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TNT MAY CLOSE BOOK ON BIBLE PIX

ANAHEIM – TNT’s love affair with the Bible may be coming to an end.

That’s the word from Brad Siegel, president of TNT, who said at a news conference Wednesday during the opening day of the Western Cable Show that the Good Book is getting some bad books from an even higher power: A.C. Nielsen.

The disappointing ratings of Part One of the “Samson & Delilah” four-hour miniseries, which ran Sunday, Dec. 8, on top of equally underwhelming ratings for the four hours of “Moses” in April 1996, have caused TNT to take another look at whether it should go ahead with “Solomon,” the contemplated seventh in the TNT Biblical cycle, Siegel said. The sixth of the Old Testament epics, “David,” starring Jonathan Pryce and Leonard Nimoy, has completed production and will run on TNT in April 1997.

The subpar Nielsens for the Bible movies are an anomaly for TNT because the network is coming off its best ratings year ever, according to a Nielsen analysis by Barry Koch, VP of research for Turner Entertainment Networks. The 2.1 rating harvested by TNT in cable homes for 1996, through Dec. 1, makes it the top-rated basic-cable network for the year, with USA in second place (a 2.0 rating), TBS in third (1.9), Nick at Nite fourth (1.8) and ESPN fifth (1.6).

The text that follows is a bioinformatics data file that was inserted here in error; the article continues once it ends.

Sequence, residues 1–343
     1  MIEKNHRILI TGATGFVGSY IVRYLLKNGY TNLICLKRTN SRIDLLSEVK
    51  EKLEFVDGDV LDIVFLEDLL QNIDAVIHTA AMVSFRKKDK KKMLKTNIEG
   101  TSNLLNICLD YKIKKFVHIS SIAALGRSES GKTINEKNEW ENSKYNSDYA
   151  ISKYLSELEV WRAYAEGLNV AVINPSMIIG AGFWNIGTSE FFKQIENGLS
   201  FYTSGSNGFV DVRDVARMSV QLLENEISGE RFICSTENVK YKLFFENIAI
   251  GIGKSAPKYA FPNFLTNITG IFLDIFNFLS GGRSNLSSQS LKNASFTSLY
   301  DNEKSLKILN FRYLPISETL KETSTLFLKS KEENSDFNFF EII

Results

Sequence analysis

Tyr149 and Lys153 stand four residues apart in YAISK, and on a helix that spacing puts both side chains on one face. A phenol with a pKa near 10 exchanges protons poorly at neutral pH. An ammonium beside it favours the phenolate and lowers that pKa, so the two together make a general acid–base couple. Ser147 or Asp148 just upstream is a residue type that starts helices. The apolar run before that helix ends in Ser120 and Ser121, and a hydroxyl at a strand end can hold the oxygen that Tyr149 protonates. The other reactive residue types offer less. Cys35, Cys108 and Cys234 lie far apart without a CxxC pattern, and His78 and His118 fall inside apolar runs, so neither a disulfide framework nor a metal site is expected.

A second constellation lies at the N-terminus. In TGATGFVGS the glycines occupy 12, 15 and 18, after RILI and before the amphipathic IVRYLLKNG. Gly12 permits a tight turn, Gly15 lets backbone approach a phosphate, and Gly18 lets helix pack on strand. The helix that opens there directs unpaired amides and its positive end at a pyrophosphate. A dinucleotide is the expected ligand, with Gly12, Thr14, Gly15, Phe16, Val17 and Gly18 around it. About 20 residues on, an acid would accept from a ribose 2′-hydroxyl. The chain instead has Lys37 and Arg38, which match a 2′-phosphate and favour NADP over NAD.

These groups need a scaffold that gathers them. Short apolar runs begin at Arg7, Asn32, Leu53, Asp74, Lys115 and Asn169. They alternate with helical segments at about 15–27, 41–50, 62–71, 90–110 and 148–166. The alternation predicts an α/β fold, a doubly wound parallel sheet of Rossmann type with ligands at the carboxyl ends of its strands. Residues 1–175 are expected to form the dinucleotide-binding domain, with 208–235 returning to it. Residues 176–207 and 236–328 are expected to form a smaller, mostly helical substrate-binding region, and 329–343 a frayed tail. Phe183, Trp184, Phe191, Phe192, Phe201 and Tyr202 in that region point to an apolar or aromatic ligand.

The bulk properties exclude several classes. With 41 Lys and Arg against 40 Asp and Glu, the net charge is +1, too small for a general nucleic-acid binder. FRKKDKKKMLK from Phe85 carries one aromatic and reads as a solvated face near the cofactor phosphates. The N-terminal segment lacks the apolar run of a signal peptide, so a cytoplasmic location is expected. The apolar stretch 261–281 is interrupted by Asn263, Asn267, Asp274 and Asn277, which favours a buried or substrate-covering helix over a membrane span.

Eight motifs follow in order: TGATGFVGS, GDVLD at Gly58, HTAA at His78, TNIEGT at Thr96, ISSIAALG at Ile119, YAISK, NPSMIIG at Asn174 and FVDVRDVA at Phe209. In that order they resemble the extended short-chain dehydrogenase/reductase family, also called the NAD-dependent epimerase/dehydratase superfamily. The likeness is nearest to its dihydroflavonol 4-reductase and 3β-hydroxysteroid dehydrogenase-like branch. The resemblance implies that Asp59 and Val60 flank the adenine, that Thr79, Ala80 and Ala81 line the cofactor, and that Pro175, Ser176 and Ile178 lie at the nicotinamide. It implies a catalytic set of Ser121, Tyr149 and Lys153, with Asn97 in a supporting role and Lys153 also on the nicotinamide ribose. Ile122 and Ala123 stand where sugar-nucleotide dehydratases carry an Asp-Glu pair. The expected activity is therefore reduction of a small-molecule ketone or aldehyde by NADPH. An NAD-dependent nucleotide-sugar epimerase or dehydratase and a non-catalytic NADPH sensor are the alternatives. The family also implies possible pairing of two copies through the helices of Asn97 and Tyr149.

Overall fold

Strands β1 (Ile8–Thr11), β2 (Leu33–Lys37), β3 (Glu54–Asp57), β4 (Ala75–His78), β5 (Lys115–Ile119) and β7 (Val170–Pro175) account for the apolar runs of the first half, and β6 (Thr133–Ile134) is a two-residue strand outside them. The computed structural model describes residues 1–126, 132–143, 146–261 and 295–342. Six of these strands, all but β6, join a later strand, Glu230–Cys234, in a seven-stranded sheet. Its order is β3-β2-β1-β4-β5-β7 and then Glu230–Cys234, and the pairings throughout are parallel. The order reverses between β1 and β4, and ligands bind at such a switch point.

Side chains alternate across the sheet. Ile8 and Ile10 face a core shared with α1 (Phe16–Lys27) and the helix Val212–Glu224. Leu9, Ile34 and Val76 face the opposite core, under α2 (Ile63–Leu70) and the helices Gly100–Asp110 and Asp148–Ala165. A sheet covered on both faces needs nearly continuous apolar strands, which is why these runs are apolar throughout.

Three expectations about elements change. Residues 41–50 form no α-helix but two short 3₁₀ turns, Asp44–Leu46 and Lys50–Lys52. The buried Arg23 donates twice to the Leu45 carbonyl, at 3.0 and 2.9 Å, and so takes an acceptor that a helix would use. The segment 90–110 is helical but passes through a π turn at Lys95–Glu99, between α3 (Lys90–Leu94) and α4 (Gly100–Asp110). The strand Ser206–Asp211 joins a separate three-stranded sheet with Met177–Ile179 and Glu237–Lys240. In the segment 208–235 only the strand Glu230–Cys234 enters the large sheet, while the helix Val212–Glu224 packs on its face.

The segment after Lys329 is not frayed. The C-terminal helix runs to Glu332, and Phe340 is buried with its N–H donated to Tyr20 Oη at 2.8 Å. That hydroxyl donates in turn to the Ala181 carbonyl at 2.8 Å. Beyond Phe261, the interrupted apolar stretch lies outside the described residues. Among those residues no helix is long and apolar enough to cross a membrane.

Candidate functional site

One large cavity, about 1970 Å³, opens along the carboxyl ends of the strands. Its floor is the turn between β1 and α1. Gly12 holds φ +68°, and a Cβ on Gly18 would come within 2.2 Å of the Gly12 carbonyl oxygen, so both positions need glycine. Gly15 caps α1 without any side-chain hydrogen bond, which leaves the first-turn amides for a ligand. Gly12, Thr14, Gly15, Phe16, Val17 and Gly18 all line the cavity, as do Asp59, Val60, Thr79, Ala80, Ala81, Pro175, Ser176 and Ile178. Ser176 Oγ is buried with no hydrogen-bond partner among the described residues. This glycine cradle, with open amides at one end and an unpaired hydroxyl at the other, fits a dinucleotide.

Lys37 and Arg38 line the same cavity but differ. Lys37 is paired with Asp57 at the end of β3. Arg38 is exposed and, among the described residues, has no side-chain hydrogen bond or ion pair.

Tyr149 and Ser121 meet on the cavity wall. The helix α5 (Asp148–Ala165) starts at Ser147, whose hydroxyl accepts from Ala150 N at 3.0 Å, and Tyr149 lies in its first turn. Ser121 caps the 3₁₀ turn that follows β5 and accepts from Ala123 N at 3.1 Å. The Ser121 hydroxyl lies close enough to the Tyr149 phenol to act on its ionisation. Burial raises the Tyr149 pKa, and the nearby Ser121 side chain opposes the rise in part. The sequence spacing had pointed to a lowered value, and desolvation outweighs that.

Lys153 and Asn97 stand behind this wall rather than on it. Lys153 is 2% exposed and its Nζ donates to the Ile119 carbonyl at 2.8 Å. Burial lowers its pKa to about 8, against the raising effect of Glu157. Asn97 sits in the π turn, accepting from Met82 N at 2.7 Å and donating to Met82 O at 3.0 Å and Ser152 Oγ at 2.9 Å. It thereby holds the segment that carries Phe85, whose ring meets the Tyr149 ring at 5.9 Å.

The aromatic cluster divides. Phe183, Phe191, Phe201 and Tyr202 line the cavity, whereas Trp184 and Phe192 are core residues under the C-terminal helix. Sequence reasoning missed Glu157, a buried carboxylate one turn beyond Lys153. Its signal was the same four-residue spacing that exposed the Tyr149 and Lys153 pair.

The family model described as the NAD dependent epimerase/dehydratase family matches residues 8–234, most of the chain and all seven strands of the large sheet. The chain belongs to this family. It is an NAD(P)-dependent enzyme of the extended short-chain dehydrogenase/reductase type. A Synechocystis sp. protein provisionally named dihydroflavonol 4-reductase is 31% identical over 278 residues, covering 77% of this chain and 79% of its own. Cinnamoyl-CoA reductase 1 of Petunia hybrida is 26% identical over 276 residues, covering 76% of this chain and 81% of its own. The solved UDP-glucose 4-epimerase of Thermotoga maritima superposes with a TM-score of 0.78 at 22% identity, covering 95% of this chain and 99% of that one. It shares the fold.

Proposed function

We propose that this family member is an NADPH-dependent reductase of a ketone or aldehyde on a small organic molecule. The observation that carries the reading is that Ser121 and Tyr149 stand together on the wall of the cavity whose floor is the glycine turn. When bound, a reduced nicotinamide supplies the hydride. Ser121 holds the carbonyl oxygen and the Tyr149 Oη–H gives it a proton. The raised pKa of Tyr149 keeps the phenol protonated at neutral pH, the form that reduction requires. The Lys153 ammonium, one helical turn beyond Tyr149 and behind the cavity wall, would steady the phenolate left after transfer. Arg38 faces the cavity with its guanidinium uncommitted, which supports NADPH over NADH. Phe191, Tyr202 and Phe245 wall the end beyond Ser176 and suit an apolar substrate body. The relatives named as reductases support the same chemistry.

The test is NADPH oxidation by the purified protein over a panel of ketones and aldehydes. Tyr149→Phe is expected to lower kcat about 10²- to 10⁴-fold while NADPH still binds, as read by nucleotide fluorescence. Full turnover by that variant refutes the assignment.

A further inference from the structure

TNT also ended up the No. 1 primetime cable network for 1996 in adults 18 to 49 and in adults 25 to 54, Koch said.

Siegel cited the $550 million Turner has pumped into the purchase of theatrical movies and series since early 1993 as a big factor in the Nielsen growth of TNT, as well as Sunday-night National Football League games and two National Basketball Assn. games a week plus an exhaustive schedule of NBA playoff games. TNT also has the highest-rated weekly primetime series on cable, the “WCW Monday Nitro” wrestling matches.

Highlights for 1997 are TNT’s first exclusive original weekly series “The New Adventures of Robin Hood,” filmed in the style of the MCA TV syndicated hits “Hercules” and “Xena,” which kicks off Jan. 13, and reruns of Warner Bros. Domestic’s “Lois & Clark,” which begins in September as a 7 p.m. strip. Siegel said he looks on “Lois & Clark” as “TNT reaping the benefits of the Time Warner merger.”

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